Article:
The 2001 Season at the Orchard Mine
Track Drill Provides Clues - November 2001
If you have plowed through the 2001 pages to this point you know I have
worried about what was ahead as we exposed more of the Orchard Pegmatite.
Since September of 2000 and for 60' along strike, the pegmatite has been
not generous. Only in the Fall of this year has it begun to hint
at better things to come. Heretofore, and since almost the very beginning
of our efforts at the OP, we have had to contend with 20-30' of schist
country rock sitting on top of the ' good stuff '. As we mined eastward
this schist mantle thickened as the coarse grain zone of the pegmatite
shrank along it's vertical dimension. Interestingly, except for a brief
stretch , the width of the pegmatite has been remarkably consistent at
16-17 feet. If the schist were to continue to thicken the pegmatite
would be history or as they say ' pinched out '.
Our approach to mining the Orchard involved benching down through the schist for 20' or so along strike. Then we worked the mineralized zone until it graded down into a fine grain feldspar. This worked well in the beginning. However, as we mined eastward we were faced with a taller and taller headwall. This presented some technical challenges. As we would finish a cycle, the pit would be nearly empty and the headwall about 60' high. As the next cycle began, we could muck off the first 10-15 feet of bench down the headwall by reaching down with the excavator arm. This process was not for the feint hearted operator as the perception was that the cab would follow the arm down into the abyss. Reaching down we could only push muck off. Digging with the bucket was too hazardous. So once upper 15' of bench had been cleaned, the next 20' or so was out of reach of our excavator from either above or below. This middle 20' had to be cleaned by back power. Uncooperative large fragments known locally as ' pianoes ' had to be barred off the ledge or pulled down by cables attached to the excavator. The cabling was hazardous as well. The trick was for the excavator to be back far enough from the cascading piano and for the ' cable man' , me, not to become part of the slide. In addition to the risk factor, the effort required to reach the mineralized zone was escalating.
As can be seen in September page, the pegmatite appears to have been pushed out of it's neat little crack in the country rock by a huge mass of schist. Eastward the pegmatite been injected into a well defined crack. Early work on this eastward portion of the pegmatite exposed lots of quartz and very massive microcline crystals to 1 meter. But how deep was it? Was it just 20' sitting on top of schist or did it continue downward for many more feet? These were questions that for me begged answers.
Our solution to getting a peek into the rock below was to bring in a track drill. In the 60's the Bureau of Mines had conducted a survey titled ' New England Beryllium Investigations '. A core taken at the Orchard, east of where we were working at the back of the upper pit shown in the photo at the left, indicated only 25' of pegmatite. Core drilling could again be done but the cost was in the neighborhood of $35/foot. We opted instead for a low tech look at the drill cuttings a simple boring operation would bring up. The price for a bore hole would average only $4/foot. ' Maine Drilling and Blasting' was contracted to do this work. In one day we able to drill more than a dozen holes to a depth of 60 feet in various locations of interest around our mineral lease. In the photo at the top of the page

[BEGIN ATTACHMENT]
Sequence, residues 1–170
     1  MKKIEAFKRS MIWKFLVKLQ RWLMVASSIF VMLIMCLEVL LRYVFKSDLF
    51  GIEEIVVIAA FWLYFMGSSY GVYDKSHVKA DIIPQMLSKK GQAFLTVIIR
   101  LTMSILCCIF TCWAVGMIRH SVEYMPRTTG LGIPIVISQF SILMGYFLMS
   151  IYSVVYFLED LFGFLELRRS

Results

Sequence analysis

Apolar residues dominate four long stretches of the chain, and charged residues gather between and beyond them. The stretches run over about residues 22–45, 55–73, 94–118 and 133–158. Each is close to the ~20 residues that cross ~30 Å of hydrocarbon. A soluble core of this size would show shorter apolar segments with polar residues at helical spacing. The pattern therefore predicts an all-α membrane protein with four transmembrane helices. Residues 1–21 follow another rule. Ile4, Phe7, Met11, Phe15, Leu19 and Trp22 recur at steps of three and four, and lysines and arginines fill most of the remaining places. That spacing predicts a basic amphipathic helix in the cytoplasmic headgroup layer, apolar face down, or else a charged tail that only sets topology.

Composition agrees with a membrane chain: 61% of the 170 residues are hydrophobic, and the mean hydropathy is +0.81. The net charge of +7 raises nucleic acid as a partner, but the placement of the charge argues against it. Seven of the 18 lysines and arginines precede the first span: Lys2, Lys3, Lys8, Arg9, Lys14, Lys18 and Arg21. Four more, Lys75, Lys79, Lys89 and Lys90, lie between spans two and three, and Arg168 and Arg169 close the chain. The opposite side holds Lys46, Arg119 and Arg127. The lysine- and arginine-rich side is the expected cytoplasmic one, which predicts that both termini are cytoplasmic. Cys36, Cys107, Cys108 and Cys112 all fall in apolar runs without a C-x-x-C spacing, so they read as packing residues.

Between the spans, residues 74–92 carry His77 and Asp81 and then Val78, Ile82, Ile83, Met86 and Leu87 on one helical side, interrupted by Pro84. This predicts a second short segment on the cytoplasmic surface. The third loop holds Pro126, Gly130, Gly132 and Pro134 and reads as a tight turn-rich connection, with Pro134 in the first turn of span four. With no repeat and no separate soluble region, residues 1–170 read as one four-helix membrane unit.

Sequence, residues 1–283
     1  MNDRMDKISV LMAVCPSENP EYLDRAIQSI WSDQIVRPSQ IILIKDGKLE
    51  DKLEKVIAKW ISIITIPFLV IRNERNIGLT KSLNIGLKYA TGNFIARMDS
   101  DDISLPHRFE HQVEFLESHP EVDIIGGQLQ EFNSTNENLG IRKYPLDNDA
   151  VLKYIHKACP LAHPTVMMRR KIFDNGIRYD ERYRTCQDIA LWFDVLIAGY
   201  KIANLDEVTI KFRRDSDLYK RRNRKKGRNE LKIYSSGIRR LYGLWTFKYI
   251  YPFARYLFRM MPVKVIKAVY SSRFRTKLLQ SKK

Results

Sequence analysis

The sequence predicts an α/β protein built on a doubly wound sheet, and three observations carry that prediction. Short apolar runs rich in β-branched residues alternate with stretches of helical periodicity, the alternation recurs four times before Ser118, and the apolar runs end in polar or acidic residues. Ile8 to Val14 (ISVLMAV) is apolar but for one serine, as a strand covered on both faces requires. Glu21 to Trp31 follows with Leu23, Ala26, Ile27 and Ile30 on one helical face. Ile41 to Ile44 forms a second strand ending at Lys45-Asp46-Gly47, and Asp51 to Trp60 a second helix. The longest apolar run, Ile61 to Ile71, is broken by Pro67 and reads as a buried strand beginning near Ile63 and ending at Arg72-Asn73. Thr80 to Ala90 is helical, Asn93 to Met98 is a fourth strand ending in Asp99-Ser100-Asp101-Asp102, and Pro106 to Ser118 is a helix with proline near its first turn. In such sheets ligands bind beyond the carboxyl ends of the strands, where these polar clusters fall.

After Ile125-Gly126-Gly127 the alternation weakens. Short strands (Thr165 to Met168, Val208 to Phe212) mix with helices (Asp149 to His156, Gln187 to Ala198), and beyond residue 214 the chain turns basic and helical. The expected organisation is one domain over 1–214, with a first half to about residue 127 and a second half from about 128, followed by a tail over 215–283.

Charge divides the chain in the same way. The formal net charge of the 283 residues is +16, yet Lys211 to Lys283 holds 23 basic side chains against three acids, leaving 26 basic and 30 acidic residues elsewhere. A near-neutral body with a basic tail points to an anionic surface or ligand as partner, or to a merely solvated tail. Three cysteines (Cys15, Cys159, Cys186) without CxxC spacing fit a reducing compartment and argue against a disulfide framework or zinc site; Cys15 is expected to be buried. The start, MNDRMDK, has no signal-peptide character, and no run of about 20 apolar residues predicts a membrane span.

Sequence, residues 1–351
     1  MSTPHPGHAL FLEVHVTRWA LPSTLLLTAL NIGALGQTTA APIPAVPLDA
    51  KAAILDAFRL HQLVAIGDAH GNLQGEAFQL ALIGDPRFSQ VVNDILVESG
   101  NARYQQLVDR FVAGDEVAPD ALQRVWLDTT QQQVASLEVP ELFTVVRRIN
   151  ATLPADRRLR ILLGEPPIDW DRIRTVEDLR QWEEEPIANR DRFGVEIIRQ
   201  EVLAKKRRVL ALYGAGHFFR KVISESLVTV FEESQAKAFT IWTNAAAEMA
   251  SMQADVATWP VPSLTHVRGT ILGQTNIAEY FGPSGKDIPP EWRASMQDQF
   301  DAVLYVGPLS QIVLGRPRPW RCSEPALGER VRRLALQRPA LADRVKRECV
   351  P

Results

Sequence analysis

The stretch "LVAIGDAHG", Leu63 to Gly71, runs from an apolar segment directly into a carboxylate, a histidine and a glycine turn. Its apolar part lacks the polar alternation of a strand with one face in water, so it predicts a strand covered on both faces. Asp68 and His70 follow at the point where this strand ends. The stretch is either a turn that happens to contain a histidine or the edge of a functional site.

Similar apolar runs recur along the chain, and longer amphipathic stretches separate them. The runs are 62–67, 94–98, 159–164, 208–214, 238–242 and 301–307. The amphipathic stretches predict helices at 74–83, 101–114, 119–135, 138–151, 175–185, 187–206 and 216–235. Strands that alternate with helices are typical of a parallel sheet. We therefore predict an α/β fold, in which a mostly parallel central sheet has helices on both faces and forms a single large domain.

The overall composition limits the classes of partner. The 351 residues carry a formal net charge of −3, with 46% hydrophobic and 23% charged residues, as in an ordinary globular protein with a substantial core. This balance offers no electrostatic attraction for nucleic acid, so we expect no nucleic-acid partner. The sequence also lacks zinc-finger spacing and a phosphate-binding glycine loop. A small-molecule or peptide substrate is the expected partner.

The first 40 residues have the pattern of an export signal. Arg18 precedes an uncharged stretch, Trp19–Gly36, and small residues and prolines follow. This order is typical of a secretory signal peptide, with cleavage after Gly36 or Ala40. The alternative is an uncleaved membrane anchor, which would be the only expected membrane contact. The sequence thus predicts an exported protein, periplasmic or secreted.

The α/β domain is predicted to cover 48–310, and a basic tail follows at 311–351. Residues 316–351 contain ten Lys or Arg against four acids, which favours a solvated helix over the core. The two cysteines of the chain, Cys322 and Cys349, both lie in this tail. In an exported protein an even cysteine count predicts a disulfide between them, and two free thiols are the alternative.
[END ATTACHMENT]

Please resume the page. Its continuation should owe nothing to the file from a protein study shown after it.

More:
piles of white cutting are visible. The pile at the left foreground was
from hole 'A' placed on the northern contact about 20' east of the headwall.
(See the diagram at the bottom of the page). Hole 'A' was bored to 60 feet
encountering only pegmatite and no country rock. At 40 feet a pocket was
entered which gushed up water, microclines and quartz crystals. Besides
the color and texture of the cuttings, the penetration rate , sometimes
as fast as 3 meters/minute, gave a clue to the nature of the rock below.
The coarsest grain was penetrated at the fastest speeds, the country rock
at the slowest. Holes placed further to the right and up strike encountered
pegmatite consistent with the increasing dip of the vein. It was apparent
from this informal look that the Orchard had not pinched up strike for
at least another 75 feet. The western end of the pegmatite was a different
story. We could find no pegmatite in the cuttings from bore holes placed
at the mouth of the pit.
So thus encouraged, the unusually warm weather this December allowed us yet one more session. Our mining strategy has changed somewhat. We now intend to work the pegmatite all the way to the back of the current exposure in cuts of about 20 feet. We have let the muck accumulate in the pit so that the excavator is able to reach the top of the headwall from within the pit. When we reach the back we will return to the front of the cut, muck out another 20 feet, and repeat the process. Working at the top of the peg, we were struck as to how coarse the grain has become. Initially work in coarse zone produced few beryls. Now we were finding many blue beryls in quartz filled spaces between the large microclines and along the borders with the intermediate zone.
In November rose quartz was beginning to appear within the large masses
of quartz about 15 feet below the top of the pegmatite. Now this rose had
become quite deep in color and gemmy as well. We saved every piece of this
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